I’ve been wondering what happened since I posted about this ‘mango’ project some years ago (my June 21, 2012 posting and my Nov. 1, 2012 posting) so, it’s nice to get an update from this Fresh Fruit Portal Feb. 4, 2015 posting,
Developed by Canadian, Indian and Sri Lankan researchers in a collaborative project funded by the International Development Research Centre (IDRC), the nanotech mango boxes are said to improve the fruit’s resilience and therefore boost quality over long shipping distances.
The project – which also includes the Tamil Nadu Agricultural University, India and the Industrial Technical Institute, Sri Lanka – has tested the use of the bio-compound hexanal, an artificially synthesized version of a natural substance produced by injured plants to reduce post-harvest losses.
The nanotech boxes could be particularly significant for India as a world leader in mango production, as well as Sri Lanka where approximately 90,000 metric tons (MT) are produced annually.
The IDRC report says although South Asian fruit production is globally competitive, the region only meets around half of its demand due to poor processing and preservation facilities. Waste can be as high as 35% and amounts to billions of dollars in annual losses.
Historically, the Indian mango sector has suffered severe post-harvest loses due to the lack of cold chain supply infrastructure across the country, and developing a smart packing system like nanotech boxes could therefore be one way to address such challenges.
“Special boxes have been designed to reduce losses during transport. The boxes are sturdy, and can be stacked without risking damage to the fruit, and this alone can reduce post-harvest losses by 10-15%,” the IDRC report continues.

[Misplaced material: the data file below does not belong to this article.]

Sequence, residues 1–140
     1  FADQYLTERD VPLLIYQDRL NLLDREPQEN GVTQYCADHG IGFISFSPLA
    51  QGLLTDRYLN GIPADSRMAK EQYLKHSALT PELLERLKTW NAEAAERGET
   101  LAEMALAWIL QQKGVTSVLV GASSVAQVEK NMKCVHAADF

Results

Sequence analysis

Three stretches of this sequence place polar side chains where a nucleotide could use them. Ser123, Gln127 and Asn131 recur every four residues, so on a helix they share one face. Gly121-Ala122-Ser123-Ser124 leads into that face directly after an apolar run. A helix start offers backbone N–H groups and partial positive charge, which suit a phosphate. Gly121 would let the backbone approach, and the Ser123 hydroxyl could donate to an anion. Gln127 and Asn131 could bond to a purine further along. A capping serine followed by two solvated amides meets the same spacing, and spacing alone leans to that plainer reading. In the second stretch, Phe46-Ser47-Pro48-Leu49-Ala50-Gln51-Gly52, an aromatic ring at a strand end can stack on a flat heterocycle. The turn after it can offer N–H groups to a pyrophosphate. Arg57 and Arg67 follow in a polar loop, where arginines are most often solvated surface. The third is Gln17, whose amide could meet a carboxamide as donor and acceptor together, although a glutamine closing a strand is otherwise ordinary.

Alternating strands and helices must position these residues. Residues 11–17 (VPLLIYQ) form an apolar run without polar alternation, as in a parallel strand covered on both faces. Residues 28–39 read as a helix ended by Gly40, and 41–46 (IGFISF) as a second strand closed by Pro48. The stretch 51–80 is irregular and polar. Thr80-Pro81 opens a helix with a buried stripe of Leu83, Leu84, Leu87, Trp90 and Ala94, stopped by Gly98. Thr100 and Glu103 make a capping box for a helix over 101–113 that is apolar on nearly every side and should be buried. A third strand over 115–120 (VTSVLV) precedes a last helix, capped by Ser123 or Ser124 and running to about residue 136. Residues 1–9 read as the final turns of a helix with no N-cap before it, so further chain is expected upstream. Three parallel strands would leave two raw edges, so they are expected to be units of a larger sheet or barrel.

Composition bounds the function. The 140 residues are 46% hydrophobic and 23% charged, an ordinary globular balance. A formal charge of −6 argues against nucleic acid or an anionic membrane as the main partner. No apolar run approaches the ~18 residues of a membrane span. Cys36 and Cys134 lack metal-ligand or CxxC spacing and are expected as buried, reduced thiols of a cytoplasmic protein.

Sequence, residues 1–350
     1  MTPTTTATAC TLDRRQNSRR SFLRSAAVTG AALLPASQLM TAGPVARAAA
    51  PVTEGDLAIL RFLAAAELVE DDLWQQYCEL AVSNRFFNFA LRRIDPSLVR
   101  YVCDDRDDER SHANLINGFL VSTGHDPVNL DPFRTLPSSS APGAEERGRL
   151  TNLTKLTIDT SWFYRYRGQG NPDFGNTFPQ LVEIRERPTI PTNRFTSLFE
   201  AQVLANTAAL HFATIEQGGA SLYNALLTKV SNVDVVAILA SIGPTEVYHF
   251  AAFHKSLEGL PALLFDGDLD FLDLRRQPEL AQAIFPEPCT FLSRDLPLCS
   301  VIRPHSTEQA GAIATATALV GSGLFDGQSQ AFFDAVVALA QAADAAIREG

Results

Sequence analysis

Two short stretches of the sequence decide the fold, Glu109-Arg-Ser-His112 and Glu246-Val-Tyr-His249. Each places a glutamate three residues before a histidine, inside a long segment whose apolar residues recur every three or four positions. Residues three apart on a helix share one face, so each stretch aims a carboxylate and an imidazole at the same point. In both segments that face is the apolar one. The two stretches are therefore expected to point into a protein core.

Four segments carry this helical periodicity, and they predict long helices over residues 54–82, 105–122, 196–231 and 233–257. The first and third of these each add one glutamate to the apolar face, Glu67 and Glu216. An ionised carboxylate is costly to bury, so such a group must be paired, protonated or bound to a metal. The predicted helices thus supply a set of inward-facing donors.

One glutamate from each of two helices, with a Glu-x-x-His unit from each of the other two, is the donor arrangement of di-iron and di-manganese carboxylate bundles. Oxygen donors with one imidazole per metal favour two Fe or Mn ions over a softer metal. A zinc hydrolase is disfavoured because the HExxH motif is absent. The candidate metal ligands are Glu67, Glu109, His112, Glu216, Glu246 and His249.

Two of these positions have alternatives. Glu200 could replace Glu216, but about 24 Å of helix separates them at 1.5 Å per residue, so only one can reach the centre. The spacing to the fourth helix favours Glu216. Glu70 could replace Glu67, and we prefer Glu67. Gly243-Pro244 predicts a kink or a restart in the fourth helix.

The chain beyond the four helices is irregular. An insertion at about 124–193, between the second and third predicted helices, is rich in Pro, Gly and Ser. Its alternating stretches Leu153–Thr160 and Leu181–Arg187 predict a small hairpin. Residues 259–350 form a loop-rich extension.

“In order to further improve the storage life of fruits during transport, the project has made a pioneering attempt to develop ‘nano-matrices’ using banana fibers to regulate the release of hexanal.
Canada’s International Development Research Centre (IDRC) and Foreign Affairs, Trade and Development Canada (DFATD) today announced three new projects to be supported under the Canadian International Food Security Research Fund (CIFSRF). The projects will help prevent livestock diseases and post-harvest fruit losses that affect millions of farmers around the world, and build on the successful research carried out during CIFSRF’s first phase. [emphasis mine]
- Researchers from the University of Guelph, Canada, Tamil Nadu Agricultural University, India, and the Industrial Technical Institute, Sri Lanka, have shown that a natural compound known as hexanal delays the ripening of mangos. Using nanotechnology, the team will continue to develop hexanal-impregnated packaging and biowax coatings to improve the fruit’s resilience during handling and shipping for use in Asia, Africa, and the Caribbean. It will also expand its research to include other fruit and look at ways to commercialize the technologies.
New funding will allow the research teams to further develop the new technologies and involve partners who can bring them to market to reach greater numbers of small-holder farmers.
It seems this new round of funding will help bring these nanotechnology-enabled products to market.